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Vesa Piittinen
Vesa Piittinen

Posted on • Updated on

Maintenance free unsupported browser notification

The times of Internet Explorer are over. These days we often target only evergreen browsers. However it might be tricky to let users of unsupported browsers to know that hey, use a newer browser.

A common way to do this kind of notification is to look at user agent strings and maintain a list of browsers. This easily results into somewhat verbose code, and keeping the list up to date is PITA.

Can we do better?

In typical application these days we have a bootstrap phase. This is where all the required parts of the app are initialized and a final command to hydrate the DOM is executed.

This is a point where we can be mostly confident that if all these steps succeeded it is likely the browser is supported.

But how to implement a lightweight solution that is free of maintenance?

There are two things that we need. First we need the notification element that is always rendered to HTML. This element contains the message displayed to user, but by default is hidden via CSS. This ensures we do not display the notification immediately upon page load and then turn it off. It is better to only show the message once we are certain that the browser failed our test.

The second part is the tech to trigger the display of the notification. For this I suggest a simple trick: add a class to the root HTML element. This logic should be applied with both fail and success paths.

Default static HTML

  1. Make sure your HTML always has a class defined in the root element: <html class="">
  2. This makes sure we can use a simple and perfectly supported document.getElementsByTagName('html')[0].className += '' to add a class.
  3. For notification component have default style to hide it: #unsupported-browser-notification { display: none; }
  4. You can have the notification logic styles directly in the HTML <head /> instead of separate CSS.

The path of fail

  1. The first <script /> element on the page to guarantee our code executes.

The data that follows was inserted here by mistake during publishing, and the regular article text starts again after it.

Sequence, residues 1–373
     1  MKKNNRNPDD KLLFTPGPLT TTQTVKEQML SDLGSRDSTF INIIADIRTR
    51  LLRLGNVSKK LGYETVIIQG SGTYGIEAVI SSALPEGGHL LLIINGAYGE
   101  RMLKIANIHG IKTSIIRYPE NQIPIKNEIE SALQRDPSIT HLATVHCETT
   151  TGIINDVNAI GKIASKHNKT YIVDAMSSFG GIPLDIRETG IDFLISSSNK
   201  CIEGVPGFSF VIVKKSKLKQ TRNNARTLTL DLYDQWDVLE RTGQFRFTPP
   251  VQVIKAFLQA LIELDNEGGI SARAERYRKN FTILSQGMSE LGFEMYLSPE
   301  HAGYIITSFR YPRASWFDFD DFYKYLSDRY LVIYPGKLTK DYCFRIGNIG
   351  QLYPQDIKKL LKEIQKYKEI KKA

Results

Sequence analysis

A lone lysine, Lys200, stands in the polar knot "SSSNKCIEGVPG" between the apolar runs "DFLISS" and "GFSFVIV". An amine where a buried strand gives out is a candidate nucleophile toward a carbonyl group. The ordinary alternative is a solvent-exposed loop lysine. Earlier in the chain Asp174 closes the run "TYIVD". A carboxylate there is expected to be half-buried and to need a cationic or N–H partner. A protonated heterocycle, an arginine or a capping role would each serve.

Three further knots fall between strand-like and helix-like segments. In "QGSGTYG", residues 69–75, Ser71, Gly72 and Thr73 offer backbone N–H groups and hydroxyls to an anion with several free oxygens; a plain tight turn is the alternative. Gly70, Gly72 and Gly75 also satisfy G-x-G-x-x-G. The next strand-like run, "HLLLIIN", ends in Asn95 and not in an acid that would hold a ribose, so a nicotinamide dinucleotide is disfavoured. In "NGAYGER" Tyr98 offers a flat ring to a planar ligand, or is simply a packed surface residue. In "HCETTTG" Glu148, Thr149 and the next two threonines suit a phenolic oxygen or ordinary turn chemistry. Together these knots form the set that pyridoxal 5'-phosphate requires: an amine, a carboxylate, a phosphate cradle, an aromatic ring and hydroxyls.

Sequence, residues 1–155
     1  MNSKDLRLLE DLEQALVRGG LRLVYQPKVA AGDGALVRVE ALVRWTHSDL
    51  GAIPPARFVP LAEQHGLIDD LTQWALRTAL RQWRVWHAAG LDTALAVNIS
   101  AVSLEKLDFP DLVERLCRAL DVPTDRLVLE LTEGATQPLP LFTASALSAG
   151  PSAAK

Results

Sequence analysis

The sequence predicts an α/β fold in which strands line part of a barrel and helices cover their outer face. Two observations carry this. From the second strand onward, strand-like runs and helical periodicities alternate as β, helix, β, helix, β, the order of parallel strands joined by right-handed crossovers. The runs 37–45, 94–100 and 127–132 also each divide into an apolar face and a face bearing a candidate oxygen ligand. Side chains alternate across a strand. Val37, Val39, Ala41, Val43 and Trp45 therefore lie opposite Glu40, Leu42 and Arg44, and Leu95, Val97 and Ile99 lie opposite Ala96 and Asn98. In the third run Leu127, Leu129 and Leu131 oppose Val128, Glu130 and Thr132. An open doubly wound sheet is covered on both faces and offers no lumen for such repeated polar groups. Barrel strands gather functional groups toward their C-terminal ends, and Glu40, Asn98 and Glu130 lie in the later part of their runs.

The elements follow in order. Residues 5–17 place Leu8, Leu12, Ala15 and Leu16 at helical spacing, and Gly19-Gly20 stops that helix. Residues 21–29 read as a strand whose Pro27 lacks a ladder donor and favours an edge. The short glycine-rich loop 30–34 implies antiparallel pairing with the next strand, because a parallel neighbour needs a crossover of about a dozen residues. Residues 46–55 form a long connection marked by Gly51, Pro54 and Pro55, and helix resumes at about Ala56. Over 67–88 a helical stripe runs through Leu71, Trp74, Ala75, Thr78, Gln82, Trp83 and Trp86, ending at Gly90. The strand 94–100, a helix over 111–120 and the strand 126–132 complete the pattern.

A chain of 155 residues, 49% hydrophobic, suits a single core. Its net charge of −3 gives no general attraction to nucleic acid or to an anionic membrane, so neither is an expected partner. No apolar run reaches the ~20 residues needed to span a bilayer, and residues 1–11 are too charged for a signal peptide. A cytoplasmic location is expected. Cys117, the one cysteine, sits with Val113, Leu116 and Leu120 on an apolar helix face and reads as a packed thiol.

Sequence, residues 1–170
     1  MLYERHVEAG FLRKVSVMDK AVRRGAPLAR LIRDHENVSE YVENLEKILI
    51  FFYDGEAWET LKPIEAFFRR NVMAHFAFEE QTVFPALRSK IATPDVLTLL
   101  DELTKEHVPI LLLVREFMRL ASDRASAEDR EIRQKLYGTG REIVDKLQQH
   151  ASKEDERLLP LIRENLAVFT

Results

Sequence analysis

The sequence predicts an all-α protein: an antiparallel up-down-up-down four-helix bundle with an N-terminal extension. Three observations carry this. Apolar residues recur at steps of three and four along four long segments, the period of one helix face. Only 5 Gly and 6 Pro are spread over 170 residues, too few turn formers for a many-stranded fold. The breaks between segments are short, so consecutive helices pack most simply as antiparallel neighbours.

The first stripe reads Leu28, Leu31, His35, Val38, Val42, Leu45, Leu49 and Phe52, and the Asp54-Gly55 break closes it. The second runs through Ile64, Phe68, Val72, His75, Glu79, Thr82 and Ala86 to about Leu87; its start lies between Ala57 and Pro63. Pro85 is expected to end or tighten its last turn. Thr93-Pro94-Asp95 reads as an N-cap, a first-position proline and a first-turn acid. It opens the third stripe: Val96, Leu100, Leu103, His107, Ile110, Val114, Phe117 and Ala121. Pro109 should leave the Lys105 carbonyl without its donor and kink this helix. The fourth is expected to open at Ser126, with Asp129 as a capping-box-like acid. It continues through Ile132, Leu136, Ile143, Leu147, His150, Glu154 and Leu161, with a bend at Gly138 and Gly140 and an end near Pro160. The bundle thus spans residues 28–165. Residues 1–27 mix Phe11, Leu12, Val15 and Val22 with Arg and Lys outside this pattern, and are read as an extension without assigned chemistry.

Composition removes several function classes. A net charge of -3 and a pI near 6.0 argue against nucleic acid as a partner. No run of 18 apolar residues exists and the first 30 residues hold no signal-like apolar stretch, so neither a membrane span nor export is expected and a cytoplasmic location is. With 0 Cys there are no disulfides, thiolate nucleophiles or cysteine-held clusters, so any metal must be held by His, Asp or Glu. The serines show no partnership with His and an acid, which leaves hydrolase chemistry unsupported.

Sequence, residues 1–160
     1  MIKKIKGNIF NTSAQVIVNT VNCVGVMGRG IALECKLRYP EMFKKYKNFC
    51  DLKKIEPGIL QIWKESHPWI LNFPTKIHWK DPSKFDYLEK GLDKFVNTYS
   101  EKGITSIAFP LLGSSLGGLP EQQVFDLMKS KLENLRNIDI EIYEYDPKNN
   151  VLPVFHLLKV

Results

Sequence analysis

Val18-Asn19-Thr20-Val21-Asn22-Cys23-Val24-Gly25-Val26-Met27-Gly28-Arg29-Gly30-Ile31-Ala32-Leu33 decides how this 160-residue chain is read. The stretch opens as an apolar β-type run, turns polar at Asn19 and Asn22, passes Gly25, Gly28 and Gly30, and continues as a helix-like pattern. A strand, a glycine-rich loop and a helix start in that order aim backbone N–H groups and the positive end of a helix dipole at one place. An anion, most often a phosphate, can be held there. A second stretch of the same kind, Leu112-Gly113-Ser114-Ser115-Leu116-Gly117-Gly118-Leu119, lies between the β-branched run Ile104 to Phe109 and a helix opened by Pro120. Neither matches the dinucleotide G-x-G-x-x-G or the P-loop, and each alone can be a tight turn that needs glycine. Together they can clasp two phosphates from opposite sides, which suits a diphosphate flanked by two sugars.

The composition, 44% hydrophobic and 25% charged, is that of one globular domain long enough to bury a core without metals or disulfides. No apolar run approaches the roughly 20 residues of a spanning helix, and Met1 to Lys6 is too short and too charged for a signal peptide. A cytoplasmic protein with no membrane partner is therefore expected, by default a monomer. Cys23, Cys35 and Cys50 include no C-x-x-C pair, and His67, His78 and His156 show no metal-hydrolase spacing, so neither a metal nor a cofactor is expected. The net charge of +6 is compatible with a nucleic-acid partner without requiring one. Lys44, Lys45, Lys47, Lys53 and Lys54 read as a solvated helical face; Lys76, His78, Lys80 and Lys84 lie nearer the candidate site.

2. Use setTimeout with a second or two delay which will always add to className of the root <html /> element.
  3. The class can be named something like unsupported-browser if you wish to be clear of the intent.
  4. For notification component have style html.unsupported-browser #unsupported-browser-notification { display: block; }

With this implemented you should see the message always appearing.

The path of success

  1. To the end of bootstrap phase add code that adds to className of the root <html /> element.
  2. The class can be named something like bootstrap-success.
  3. For notification component have a style after the unsupported style: html.bootstrap-success #unsupported-browser-notification { display: none; }

By always only adding to className we avoid race conditions.

With this implemented you should no longer see a message ever appearing in a supported browser. Unsupported browsers that don't even bootstrap will instead see a notification that their browser is not supported.

What should we tell the user?

The notification should begin with that the user's browser is unsupported. However there may be times that this notification gets triggered incorrectly, for example, by publishing a broken bundle to production for whichever reason.

So here is a sample message:

You are using an old unsupported browser. Update it or install another browser.

I use a new browser: sorry for the inconvenience, we fix the problem as soon as possible. Contact us to let us know if the problem has persisted a long time.

This way we cover the both possible cases: user actually having an older browser, or us having a bad day.


A possible downside of this technique is that there are browsers that fall "in between" fully supported and clearly unsupported. The browsers in between will succeed to bootstrap, but will fail later when using a new browser feature that is not in the supported browser version range.

The only way around this would be to have the bootstrap phase depend on the latest and greatest features, or purposefully detect for those.

Another downside here is that the code is fragmented. This is nothing new in the frontend space, however a modern trend in frontend development has been to have everything related in one place for perfect clarity. People also like to use only one style of code instead of relying on vanilla HTML/CSS/JS solutions.

The good parts

The code needed for this solution is minimal!

  1. <html class="">


setTimeout(function() {
    document.getElementsByTagName('html')[0].className += ' unsupported-browser'
}, 2000)
Enter fullscreen mode Exit fullscreen mode


#unsupported-browser-notification { display: none; }
html.unsupported-browser #unsupported-browser-notification { display: block; }
html.bootstrap-success #unsupported-browser-notification { display: none; }
Enter fullscreen mode Exit fullscreen mode
  1. The notification element in HTML.
  2. At end of bootstrap: document.getElementsByTagName('html')[0].className += ' bootstrap-success' (or use document.documentElement.classList)

In addition this is as maintenance free as it gets. Over time more and more old browsers will start to fail as newer JS syntax is no longer being transformed in your bundles. You can also optionally do feature checks before applying the bootstrap success class, however that would need maintaining and might not be worthwhile. It all depends on how much user impact you have, and how many of them fall to the "in between" space of almost fully working.

Finally please let me know if you think this simple and minimal solution has more downsides or failures than I bring up here!

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